The following excerpt, from the article Disappointed by the ROI of social media? Set a 'giving' budget, was written by Jay Palter, social media strategist and speaker, and published on The Globe and Mail. For more information on why it's important to reciprocate social media attention and another way you can accomplish the task, view the full article.
If you’re like most people that are active on social media, you’re probably paying more attention to how many retweets you get, and how often what you share is liked on LinkedIn or Facebook than you do to how often you are doing these things yourself. You’re probably thinking of all the ways you can use your social media accounts to promote your business and its products and services and drive traffic to your website.
In social media, we promote ourselves by promoting others. We attract attention to ourselves by shining a light on others.
Try this. Set a “giving budget” for your social media activities and actually identify some goals. How many “likes” do you want to give each week? How many times do you want to comment? If you’re connected to your clients on social networks, you should be setting a giving budget specifically for them.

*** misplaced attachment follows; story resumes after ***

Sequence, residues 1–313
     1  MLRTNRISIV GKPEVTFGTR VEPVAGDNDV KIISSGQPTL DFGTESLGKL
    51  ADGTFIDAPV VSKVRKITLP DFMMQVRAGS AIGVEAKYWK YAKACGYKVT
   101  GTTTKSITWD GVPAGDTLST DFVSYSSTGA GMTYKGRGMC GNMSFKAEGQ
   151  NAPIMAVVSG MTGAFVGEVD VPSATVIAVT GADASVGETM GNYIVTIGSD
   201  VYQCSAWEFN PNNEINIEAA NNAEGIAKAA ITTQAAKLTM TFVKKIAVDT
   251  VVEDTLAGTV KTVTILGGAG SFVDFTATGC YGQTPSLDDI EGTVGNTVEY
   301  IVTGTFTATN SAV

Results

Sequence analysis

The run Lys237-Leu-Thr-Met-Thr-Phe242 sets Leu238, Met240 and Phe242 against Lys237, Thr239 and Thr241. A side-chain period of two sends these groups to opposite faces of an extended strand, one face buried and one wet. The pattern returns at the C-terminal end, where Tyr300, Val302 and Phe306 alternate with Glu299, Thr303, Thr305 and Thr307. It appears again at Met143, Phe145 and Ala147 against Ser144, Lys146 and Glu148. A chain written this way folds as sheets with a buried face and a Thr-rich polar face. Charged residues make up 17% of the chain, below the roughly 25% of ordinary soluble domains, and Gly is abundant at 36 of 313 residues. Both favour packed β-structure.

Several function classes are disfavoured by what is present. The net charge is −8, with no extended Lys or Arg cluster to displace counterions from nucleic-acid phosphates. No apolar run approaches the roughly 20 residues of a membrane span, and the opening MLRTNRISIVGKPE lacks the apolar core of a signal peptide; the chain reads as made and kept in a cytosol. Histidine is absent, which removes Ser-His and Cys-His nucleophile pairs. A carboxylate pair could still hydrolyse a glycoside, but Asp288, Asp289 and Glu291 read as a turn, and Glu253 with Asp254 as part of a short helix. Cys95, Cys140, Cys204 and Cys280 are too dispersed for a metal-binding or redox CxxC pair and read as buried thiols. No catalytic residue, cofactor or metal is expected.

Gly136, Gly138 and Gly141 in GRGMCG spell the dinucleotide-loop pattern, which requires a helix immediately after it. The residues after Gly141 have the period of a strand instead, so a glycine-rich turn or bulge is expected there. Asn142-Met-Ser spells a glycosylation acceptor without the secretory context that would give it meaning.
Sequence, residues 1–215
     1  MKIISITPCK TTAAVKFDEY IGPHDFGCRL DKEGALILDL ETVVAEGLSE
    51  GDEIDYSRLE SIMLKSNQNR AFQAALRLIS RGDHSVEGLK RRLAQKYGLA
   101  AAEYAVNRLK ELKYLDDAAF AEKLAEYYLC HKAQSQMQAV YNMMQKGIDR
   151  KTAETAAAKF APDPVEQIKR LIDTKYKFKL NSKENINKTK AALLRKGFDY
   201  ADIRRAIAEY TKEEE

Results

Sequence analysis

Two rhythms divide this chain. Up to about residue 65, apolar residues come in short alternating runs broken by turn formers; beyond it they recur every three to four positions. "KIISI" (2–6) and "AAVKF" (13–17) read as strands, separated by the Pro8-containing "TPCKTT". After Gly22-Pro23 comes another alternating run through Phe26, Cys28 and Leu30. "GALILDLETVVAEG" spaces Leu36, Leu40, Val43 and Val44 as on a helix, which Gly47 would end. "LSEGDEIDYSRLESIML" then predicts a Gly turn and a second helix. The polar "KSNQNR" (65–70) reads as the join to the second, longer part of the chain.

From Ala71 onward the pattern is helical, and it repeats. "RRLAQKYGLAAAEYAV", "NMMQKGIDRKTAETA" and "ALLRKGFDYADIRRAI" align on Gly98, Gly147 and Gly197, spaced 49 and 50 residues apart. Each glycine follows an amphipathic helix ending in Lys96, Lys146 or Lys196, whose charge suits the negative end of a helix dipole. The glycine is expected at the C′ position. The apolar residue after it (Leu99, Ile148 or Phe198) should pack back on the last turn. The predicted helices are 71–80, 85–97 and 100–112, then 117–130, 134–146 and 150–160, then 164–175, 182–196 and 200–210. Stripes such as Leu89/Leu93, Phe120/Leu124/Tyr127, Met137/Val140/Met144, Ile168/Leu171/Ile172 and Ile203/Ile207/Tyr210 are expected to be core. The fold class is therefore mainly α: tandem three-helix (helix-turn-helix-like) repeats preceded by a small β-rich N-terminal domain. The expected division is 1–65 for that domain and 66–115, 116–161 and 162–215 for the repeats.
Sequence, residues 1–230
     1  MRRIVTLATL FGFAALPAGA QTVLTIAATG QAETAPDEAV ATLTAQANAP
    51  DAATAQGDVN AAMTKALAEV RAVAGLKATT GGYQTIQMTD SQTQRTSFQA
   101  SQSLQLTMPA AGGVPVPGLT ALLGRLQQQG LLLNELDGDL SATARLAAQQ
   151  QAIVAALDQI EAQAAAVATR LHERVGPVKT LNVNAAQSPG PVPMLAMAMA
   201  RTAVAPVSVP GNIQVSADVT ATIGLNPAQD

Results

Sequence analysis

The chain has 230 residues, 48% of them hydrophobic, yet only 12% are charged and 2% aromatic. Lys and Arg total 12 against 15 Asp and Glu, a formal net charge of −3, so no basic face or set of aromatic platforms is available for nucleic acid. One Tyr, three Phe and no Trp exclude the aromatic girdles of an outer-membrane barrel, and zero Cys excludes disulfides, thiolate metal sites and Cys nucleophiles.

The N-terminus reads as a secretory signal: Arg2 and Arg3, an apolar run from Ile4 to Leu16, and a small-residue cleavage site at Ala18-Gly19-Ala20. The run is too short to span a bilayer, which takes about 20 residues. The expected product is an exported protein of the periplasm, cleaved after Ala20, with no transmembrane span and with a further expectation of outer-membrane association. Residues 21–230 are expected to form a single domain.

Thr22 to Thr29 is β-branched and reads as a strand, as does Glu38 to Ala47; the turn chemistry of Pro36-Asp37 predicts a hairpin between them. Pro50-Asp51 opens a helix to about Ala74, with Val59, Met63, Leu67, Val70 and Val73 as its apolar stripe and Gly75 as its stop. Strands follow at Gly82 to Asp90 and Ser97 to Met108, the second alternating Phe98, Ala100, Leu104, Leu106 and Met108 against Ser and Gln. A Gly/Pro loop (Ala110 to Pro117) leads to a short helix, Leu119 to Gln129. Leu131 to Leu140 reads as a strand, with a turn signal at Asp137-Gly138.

Here are some easy ways to focus on giving more to your social networks:
1. Use lists and share content. Track influencers and clients using Twitter lists and Google+ circles, then try to share something from those people every day.
2. Pay some attention. Invest some time and mental energy each week to review the feeds (Twitter, Google+, LinkedIn, etc.) of your key influencers and clients and look for opportunities to comment and engage. People will take notice and reciprocate if you are consistently paying them attention.
3. Give credit where it’s due. When you share anything, mention the source. Say you discover a great article shared by a contact on LinkedIn and you tweet it, you should give that person credit on Twitter with a mention.
4. Like and comment thoughtfully. It’s easy to click ‘like’ on articles shared to Facebook, but take the extra time to read/scan what’s being shared and add a meaningful comment. “Great post” is a nice thought, but trying to be more thoughtful is a better investment.